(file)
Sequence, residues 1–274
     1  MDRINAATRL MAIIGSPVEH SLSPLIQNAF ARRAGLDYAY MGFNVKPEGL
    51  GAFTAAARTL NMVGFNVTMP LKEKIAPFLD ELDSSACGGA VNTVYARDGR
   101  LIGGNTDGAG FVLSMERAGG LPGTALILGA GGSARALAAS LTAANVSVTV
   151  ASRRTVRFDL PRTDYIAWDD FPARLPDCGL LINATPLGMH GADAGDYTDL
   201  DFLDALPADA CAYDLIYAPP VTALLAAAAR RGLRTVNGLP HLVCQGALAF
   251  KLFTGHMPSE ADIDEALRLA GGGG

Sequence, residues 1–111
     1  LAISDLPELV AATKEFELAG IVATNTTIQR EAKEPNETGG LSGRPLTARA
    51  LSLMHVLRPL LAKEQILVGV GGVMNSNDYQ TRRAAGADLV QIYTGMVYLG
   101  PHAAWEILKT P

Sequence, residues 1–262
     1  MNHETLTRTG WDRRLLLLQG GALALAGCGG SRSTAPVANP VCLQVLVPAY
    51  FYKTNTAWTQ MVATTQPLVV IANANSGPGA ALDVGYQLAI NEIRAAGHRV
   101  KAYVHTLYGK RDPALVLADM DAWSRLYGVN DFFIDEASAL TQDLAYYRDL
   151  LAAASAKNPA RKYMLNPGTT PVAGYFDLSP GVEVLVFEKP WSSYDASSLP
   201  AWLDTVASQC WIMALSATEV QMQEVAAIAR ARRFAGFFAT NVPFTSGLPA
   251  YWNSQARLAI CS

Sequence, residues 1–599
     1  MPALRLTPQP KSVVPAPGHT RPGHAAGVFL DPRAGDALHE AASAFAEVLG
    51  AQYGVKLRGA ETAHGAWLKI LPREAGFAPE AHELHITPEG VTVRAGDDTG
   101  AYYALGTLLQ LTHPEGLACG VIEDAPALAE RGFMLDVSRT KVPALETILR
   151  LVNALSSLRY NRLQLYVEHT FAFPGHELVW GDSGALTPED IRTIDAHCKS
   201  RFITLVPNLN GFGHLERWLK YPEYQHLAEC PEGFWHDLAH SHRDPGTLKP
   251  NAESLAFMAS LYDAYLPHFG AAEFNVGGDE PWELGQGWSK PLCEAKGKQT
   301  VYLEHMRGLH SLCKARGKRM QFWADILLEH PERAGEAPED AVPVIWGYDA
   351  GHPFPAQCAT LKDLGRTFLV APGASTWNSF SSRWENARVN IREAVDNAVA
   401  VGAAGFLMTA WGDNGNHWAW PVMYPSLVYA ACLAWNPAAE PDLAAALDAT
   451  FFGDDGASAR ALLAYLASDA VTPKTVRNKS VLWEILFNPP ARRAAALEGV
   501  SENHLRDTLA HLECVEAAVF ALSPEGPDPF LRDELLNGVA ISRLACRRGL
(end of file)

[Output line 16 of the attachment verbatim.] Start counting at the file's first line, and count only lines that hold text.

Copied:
   151  LAAASAKNPA RKYMLNPGTT PVAGYFDLSP GVEVLVFEKP WSSYDASSLP